Building Regulations Updates – June 2022

On June 15 2022 the Building Regulations will be updated to improve energy efficiency in both residential and non residential buildings. These changes form part of the roadmap to the 2025 Future Homes Standard, with a primary goal to reduce carbon emissions and ultimately to reach net carbon zero emissions. While key goals for the changes to the regulations are to reduce carbon emissions, there are also changes that will improve ventilation, and prevent overheating in new builds.


Which regulations are changing?


The building regulations that are changing are:

Approved Document L – Conservation of Fuel and Power

Approved Document F – Ventilation

Approved Document O – Overheating

Approved Document S – Infrastructure for charging electric vehicles


Approved Documents F, L, O and S apply to new dwellings and new buildings other than dwellings. While Approved Documents F and L apply to existing dwellings.


What are the main changes?


Some of the new standards include a requirement of a 30% reduction in CO2 relative to the 2013 standards, and a 27% reduction for buildings other than dwellings. What does this actually mean?


There are some key changes that we must be aware of when we are designing and detailing our buildings. Here we will list some of the main changes to the updated building regulations below.


Reduction of carbon emissions in domestic new builds by 31% – the government has suggested the installation of electric central heating and renewable energy sources such as solar will help to achieve this target. Heat pumps are also being promoted as a key part of the Future Homes Standard.


Reduction of carbon emissions in non-domestic new builds by 27% – as with the domestic new builds, this will be achieved by installing low carbon heating systems.


New u-value standards – domestic new builds will have an updated u-value for some of the mail building elements.

  • Walls = 0.18 W/m² K
  • Windows and Doors = 1.4 W/m² K
  • Floors = 0.13 W/m² K
  • Roofs = 0.11 W/m² K


There are new u-values for domestic extensions and alterations. These are more complicated and we suggest referring to the full Approved Document Part L Table 4.2, 4.3 and C1 for the complete guidance.


Ventilation – the updated standards are for all new dwellings to be air tested. Dwellings can still use natural background ventilation by trickle vents, however, if a dwelling achieves an airtightness rating of less than 5m3/(h.m2) at 50pa a continuous mechanical system may also be required. Ventilation requirements are set out in Approved Document Part F Table 1.7.


Overheating – Part O is a new document looking at the increased possibility of overheating due to more airtight and efficient constructions. The overheating approved document applies to new dwellings where people sleep overnight, including new houses, flats, student accommodation, care homes and similar living accommodation. In order to achieve compliance there are two methods laid out in Part O, a simplified checklist method or CIBSE’s TM59 thermal modelling.


Electrical vehicle charging points – every new dwelling with associated parking will now require an EV charging point. There are also requirements for change of use, flats that undergo renovations along with non residential buildings.


When will the changes come into effect?


If a building notice, initial notice or full plans are submitted before June 15 2022 they will be considered under the previous standards and work can proceed as long at the work starts prior to June 15 2023.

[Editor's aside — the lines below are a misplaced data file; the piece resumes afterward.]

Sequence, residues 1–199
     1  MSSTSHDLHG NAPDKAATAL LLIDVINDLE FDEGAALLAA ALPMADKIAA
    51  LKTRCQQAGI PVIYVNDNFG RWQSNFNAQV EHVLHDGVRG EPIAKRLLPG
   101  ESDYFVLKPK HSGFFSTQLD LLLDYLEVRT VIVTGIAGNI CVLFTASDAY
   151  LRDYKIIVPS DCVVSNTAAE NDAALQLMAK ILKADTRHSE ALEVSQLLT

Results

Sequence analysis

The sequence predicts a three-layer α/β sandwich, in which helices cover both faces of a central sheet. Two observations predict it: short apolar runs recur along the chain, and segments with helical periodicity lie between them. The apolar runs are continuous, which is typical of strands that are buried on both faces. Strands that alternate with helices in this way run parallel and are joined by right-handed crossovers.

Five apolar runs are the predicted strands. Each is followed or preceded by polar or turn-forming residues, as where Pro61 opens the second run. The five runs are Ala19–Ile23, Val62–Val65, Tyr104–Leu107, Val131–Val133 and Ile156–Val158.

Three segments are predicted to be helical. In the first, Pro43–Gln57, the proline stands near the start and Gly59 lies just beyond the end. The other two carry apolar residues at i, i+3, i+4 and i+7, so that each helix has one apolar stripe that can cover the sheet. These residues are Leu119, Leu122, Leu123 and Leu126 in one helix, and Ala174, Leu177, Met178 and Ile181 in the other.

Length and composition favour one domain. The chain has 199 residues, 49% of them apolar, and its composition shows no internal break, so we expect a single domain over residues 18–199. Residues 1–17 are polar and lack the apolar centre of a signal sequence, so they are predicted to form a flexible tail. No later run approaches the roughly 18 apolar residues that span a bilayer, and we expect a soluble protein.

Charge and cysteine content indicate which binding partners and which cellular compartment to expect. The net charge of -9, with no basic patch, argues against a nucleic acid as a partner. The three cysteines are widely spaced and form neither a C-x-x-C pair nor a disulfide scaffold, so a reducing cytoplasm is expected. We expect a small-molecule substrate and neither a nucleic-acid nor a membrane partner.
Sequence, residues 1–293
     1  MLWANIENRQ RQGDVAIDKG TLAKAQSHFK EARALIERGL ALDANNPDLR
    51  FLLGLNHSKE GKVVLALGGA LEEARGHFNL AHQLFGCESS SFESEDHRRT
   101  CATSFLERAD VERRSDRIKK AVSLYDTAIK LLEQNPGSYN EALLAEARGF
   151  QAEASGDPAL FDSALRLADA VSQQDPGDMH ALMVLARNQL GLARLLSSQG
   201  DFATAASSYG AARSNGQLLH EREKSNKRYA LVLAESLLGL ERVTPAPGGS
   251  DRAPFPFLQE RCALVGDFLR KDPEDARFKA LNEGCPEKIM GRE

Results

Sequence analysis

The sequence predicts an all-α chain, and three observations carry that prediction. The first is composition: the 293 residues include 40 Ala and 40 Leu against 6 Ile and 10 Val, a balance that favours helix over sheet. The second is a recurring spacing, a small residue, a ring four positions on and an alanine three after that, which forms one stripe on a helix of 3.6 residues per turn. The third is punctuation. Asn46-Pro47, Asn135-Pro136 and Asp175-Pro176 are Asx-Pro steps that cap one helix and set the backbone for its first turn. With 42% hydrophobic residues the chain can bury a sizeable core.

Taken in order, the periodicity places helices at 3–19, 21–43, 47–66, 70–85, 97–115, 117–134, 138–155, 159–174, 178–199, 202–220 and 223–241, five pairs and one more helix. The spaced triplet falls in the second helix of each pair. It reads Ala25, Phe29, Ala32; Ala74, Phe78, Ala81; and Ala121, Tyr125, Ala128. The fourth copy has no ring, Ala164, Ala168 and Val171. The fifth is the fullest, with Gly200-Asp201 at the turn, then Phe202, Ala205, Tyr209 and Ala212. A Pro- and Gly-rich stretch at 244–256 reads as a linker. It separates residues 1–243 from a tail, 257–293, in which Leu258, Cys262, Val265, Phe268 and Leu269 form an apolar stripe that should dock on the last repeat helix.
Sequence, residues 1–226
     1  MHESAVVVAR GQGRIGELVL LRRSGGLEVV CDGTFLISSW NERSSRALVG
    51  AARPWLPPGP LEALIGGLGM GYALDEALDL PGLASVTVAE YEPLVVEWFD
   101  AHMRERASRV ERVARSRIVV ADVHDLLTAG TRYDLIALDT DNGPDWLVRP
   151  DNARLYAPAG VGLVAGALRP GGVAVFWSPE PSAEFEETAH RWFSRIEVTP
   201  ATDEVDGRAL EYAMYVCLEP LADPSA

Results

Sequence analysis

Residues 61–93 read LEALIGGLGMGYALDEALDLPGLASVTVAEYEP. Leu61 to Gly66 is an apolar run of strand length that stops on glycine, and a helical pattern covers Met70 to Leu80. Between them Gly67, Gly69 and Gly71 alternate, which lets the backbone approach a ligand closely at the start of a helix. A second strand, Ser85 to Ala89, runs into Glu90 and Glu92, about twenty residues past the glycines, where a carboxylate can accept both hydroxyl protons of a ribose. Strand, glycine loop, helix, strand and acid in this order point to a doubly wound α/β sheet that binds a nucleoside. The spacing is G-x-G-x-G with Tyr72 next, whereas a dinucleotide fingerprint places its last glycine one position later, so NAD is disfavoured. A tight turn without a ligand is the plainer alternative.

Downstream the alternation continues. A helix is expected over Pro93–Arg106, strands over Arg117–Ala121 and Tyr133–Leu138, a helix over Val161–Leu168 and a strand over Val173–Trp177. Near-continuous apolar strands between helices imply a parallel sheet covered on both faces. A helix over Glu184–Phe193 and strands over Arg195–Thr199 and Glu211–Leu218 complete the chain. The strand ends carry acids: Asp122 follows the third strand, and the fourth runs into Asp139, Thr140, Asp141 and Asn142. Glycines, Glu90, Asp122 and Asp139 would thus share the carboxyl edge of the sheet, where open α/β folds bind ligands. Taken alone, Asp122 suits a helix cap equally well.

For any notices or full plans submitted after June 15 2022 they must comply with the updated regulations.


Where can I view the updated documents?


All of the latest Approved Documents can be viewed and downloaded here.



Residential Book Completely Updated for the new regs

Understanding Architectural Details – Residential has been updated to incorporate the latest updates the to Building Regulations. This 4th Edition is available now.

Sign up to our newsletter


Make sure you don’t miss out on anything that is going on at First In Architecture – sign up to the newsletter now. No spam, no funny business, just useful stuff!

Disclaimer: We take no accountability for use of this article as it is for guidance only. All approved documents and design standards should be consulted for information on the building regulations. This is meant as guidance only and competent designers and contractors should be consulted for your project.

Other recent posts…

Space Planning Basics

Space Planning Basics

Introduction   Space planning is a complex process with many factors to consider. The principles of space planning involve satisfying a defined criteria on a priority basis – as a result, space planning is frequently about compromise. That being said, there is...

Form Follows Function

Form Follows Function

Introduction   ‘Form follows Function’ is a popular architectural principle that was first introduced in 1896 by American architect Louis H. Sullivan (1856–1924) in his essay ‘The Tall Office Building Artistically Considered’. It was actually shortened from the...

Permitted Development Rights for House Extensions

Permitted Development Rights for House Extensions

Introduction to Permitted Development Rights When extending a house in the UK, understanding Permitted Development rights is essential. These rights allow certain building works and changes to be carried out without the need for a full planning application,...


Submit a Comment

Your email address will not be published. Required fields are marked *

This site uses Akismet to reduce spam. Learn how your comment data is processed.